Vascular endothelial growth factor (VEGF), a member of the angiogenic factor superfamily, also known as vascular permeability factor, is both a potent enhancer of microvascular permeability and a selective endothelial cell growth factor [28]. Although an increased level of this angiogenic molecule has been repeatedly shown among SLE patients with active disease status as compared to those inactive [29, 30], the exact pathologic role of VEGF in SLE still requires further clarification. Our data is in agreement with previous reports on the fine correlation of VEGF with SLE disease activity, however, the association with extensive organ involvements, such as lupus nephritis, antiphospholipid syndrome, vasculitis, and skin manifestation were not seen [28, 29]. Considering the consistency of VEGF in SLE disease status and the possible role of VEGF in extensive organ involvement among cases with SLE, perhaps the use of anti-VEGF would provide further answer to its pathological role and serve as a potential solution for patients with SLE.

Thrombomodulin (TM) is a thrombin receptor expressed on the vascular endothelial cell surface. It inhibits the procoagulant activities of thrombin and is a cofactor for the thrombin-catalyzed activation of protein C. As demonstrated in vitro, serum TM is most likely released upon endothelial cell damage [31]. The impairment in either the quantity or quality of TM could possibly play a pathogenic role in thrombogenesis which is commonly observed in patients with SLE [32]. Among all biomarkers, including the well-characterized serological parameters anti-dsDNA, thrombomodulin shows the best correlation to disease activity. Proposed as a marker for endothelial cell damage, thrombomodulin has been associated with active vasculitis in SLE and correlated significantly and positively with SLEDAI score [33].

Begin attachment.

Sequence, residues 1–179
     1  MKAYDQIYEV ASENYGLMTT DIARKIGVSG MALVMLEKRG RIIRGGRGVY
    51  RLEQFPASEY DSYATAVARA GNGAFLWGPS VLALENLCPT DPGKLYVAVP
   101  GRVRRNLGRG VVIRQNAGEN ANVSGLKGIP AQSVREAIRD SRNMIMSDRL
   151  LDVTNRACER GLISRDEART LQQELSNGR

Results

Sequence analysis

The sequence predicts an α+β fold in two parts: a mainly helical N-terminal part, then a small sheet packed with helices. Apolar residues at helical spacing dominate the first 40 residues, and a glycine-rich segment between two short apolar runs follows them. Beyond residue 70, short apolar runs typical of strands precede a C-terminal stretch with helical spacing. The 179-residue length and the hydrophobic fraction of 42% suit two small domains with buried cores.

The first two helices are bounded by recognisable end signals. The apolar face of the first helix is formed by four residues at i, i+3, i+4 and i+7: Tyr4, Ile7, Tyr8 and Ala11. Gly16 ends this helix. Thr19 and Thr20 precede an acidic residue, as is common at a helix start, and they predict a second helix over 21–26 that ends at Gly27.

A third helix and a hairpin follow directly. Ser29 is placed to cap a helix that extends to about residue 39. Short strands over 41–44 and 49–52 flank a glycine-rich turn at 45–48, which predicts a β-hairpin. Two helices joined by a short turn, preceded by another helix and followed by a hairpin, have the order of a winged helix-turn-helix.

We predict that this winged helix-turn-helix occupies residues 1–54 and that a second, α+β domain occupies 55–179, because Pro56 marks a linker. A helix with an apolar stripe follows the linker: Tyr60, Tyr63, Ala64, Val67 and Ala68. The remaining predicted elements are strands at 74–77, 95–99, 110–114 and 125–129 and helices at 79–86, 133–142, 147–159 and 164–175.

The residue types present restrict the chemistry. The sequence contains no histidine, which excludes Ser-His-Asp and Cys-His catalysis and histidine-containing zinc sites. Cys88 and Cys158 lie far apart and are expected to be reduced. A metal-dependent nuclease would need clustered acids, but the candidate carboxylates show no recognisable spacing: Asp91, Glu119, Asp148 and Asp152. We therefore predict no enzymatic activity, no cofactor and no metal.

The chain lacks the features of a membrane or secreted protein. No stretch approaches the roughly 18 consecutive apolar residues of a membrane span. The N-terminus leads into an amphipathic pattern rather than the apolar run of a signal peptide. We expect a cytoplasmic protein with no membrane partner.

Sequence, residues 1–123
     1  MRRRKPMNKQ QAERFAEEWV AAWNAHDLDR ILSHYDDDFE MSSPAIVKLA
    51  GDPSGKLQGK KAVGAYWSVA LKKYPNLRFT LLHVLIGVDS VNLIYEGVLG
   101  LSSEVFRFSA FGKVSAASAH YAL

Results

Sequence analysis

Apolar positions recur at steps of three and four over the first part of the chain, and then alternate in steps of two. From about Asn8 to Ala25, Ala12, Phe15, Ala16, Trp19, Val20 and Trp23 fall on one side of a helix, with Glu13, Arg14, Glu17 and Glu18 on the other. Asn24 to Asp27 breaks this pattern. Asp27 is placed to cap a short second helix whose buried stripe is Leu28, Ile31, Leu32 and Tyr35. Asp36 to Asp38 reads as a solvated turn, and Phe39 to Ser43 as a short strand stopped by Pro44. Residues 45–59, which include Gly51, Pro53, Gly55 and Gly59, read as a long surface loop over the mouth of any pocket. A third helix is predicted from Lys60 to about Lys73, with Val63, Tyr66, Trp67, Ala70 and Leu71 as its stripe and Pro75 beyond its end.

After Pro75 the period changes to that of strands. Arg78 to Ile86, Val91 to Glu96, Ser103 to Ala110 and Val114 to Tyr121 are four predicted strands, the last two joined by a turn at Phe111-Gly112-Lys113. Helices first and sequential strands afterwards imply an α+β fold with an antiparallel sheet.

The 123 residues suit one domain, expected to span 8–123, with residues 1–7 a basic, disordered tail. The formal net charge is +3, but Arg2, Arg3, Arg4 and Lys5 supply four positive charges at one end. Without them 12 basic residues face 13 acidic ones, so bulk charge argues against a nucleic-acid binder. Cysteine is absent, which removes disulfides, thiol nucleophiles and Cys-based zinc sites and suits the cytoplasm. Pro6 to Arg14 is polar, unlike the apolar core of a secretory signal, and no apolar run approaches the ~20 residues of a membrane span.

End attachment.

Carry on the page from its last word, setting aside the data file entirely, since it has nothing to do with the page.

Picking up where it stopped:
ADAMTS13 (a disintegrin and metalloproteinase with a thrombospondin type 1 motif, member 13) is a protease synthesized by human stellate hepatic cells and vascular endothelial cells, which cleaves specifically ultra-large von Willebrand Factor (VWF) multimers at the VWF-A2 domain, generating shorter globular multimers in the normal circulation. A lack of proteolytic activity results in the presence of unusal hyper-adhesive large VWF strings on the endothelial cell surface, which are more likely to bind to platelets than normal globular VWF, leading to platelet aggregation and thrombus formation in the microvasculature [34, 35]. Previous study show that SLE is a pathological condition with mild to moderate ADAMTS13 activity deficiency and high levels of VWF and vascular cell adhesion molecule 1 (VCAM-1), potentially related to endothelial damage [36]. ADAMTS13 activity in SLE is specially reduced in patients with active disease and in those with antiphospholipid antibodies [36]. There was, however, no association seen between reduced ADAMTS 13 serum concentrations with antiphospholipid antibodies in our cohort.